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Three Inspiring Books That Have Turbocharged My 2016

Sunday, January 31, 2016

Earlier this year, I'd mentioned how towards the end of 2015 I was reading a couple of books that were really making an impact on my mindset going into the new year. We're about five weeks into 2016, and I wanted to share how those two books- plus one more- are still helping me meet my resolutions a month out.


First up is the fashion blogosphere's favorite inspirational book, #Girlboss by Sophia Amoruso. I love her irreverent prose and the illustrations in this book are pretty rad. As someone who didn't take the road more travelled (and THAT is a saga all unto itself), reading Amoruso's story helps me deal with the embarrassment and insecurity that comes from living life on a different path than the one I was taught to want. For me, reading her book reminds me that it's okay to be different but still want- and deserve- success. Reading about how hard she worked makes me want to work hard, too.


Next is Elizabeth Gilbert's Big Magic: Creative Living Beyond Fear. We all recognize her from the crazy popular Eat Pray Love (which I only just read last week, literally). Gilbert takes on all of the psychological barriers that can stand in the way of creativity: fear, lack of inspiration, unworthiness, giving up, and so on. For my fellow writers, this book especially will be helpful to you- because Gilbert is a writer as well, and she just gets it. If there is some kind of problem you are having with your creativity, there is a section in this book that will address it. This book is what I turn to when I find my courage flagging. There is also a great podcast that goes along with the book where Gilbert coaches various creatives through whatever it is that's holding them back; I like to listen to that while driving and it complements the book well.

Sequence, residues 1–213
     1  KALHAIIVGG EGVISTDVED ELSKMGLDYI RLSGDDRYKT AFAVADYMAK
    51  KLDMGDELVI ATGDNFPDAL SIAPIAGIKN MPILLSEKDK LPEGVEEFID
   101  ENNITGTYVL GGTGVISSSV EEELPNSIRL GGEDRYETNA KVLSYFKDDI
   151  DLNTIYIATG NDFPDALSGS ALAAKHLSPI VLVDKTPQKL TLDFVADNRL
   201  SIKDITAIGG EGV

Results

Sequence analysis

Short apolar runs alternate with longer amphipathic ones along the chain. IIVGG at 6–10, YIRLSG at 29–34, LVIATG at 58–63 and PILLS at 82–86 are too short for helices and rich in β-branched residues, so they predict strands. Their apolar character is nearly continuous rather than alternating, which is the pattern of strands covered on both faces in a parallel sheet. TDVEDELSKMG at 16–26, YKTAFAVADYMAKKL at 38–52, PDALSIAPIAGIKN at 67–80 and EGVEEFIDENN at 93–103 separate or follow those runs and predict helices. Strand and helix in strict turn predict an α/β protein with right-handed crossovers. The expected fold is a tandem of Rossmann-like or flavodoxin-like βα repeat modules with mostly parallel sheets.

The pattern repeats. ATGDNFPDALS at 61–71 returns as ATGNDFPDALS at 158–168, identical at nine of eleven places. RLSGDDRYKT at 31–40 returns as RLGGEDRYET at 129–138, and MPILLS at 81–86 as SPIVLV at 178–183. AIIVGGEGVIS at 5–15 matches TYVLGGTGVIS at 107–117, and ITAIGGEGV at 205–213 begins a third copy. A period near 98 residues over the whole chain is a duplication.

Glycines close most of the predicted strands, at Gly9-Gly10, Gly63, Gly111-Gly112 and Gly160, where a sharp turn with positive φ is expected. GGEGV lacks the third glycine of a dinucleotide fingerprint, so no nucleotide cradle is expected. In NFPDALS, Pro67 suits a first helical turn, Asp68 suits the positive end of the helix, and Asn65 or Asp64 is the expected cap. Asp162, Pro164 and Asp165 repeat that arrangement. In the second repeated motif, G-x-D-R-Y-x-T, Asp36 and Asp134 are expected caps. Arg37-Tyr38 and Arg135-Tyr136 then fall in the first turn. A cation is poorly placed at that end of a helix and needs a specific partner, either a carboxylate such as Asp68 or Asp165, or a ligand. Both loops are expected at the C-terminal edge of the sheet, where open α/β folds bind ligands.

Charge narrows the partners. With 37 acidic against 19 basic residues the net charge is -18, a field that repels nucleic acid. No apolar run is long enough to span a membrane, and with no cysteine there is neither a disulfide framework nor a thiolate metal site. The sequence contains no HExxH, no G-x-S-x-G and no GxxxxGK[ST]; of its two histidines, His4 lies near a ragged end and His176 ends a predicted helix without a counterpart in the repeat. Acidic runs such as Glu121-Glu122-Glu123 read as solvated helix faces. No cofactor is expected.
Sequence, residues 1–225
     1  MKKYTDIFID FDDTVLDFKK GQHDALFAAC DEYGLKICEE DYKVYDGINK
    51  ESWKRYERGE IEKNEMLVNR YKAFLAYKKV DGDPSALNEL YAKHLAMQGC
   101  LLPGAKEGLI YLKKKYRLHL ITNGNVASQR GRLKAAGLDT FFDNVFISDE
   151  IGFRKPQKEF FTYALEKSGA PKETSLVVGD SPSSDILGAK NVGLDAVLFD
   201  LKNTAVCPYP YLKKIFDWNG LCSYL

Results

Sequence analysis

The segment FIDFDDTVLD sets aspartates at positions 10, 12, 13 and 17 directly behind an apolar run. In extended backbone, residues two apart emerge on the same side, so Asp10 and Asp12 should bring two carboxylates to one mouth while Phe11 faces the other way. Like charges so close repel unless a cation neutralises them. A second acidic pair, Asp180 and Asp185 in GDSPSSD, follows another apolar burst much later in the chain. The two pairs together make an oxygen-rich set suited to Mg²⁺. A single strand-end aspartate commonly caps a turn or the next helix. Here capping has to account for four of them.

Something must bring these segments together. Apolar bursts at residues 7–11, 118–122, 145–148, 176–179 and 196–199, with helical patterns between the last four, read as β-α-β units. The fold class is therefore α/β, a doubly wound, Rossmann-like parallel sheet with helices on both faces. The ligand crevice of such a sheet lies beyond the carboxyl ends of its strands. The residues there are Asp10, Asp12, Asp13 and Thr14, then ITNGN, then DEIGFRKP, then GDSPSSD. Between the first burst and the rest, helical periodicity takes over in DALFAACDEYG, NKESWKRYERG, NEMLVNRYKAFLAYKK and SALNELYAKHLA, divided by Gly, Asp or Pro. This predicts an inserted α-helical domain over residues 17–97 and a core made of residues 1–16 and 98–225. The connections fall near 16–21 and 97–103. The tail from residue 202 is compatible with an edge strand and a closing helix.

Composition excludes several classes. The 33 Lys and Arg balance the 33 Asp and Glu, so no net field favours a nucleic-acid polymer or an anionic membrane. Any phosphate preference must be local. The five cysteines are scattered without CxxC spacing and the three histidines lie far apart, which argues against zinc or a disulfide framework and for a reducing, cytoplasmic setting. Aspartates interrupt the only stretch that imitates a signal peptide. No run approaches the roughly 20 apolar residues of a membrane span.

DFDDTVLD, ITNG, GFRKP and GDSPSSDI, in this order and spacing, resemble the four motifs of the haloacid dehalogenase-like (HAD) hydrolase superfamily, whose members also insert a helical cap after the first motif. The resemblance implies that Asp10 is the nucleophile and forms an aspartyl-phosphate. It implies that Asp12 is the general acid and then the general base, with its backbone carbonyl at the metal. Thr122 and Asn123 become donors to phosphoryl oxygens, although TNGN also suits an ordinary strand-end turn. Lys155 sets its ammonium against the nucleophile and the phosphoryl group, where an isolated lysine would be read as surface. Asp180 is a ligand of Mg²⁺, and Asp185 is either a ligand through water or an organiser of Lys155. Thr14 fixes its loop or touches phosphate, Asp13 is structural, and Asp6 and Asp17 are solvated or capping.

Finally, there is mainstream minimalism's pop culture calling card The Life-Changing Magic of Tidying Up: The Japanese Art of Decluttering and Organizing by Marie Kondo and translated by Cathy Hirano. As an adult with ADHD, I have spent literal DECADES trying to stay clean and organized. I'm still not as clean or organized as I could be, but ever since I cleaned out my apartment after reading this book, I've found it to be much easier to stay organized. What I liked about this book was how it recommended people go about getting rid of things. One of the ways my synesthesia manifests itself is that I tend to believe that objects have feelings- which obviously makes it hard to get rid of anything. There was a Shinto aspect to the discarding where Kondo recommended people thank the objects that they were getting rid of and which really helped me. 

I do have to butt in here and say that the biggest problem I had with the book was the recommendation to throw everything away. I don't know if maybe the municipal waste system in Japan is different, but I simply couldn't condone the idea of sending useful items to a landfill. Consequently, instead of throwing away items, I separated them into "sell" or "donate"; this satisfied my conscience. Ultimately, I won't say that this book has completely cured me of my cluttering tendencies, but it has helped me stay organized for much, much longer than I have before. And because I'm organized, it's easier for me to try and work on my goals.


I hope that you read at least one of these books and find them useful to you. Whenever I need encouragement, a kick in the pants, or a bout of decluttering and organizing, these are what I turn to.

What about you guys? Have you read any books lately that have really helped you? Please tell me because I'd love to read them!

2 comments:

  1. All of these sound fantastic, but I'm especially interested in #girlboss - well, aren't we all? I'm all about khaled hosseini. His novels may be fiction but there's something about pre-war Afghanistan that is so captivating for me and gets my mind whirling (if you know what I mean?! ahaha)

    luce | http://luceellen.co.uk xxx

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    1. Definitely give #Girlboss a read! I actually got distracted from writing this post because I sat down to read it again... it goes by quickly.

      I've been meaning to read his books! I have A Thousand Splendid Suns but haven't gotten around to reading it yet. Should I start with that or The Kite Runner?

      P. S. I totally get what you mean about the mind whirling ;)

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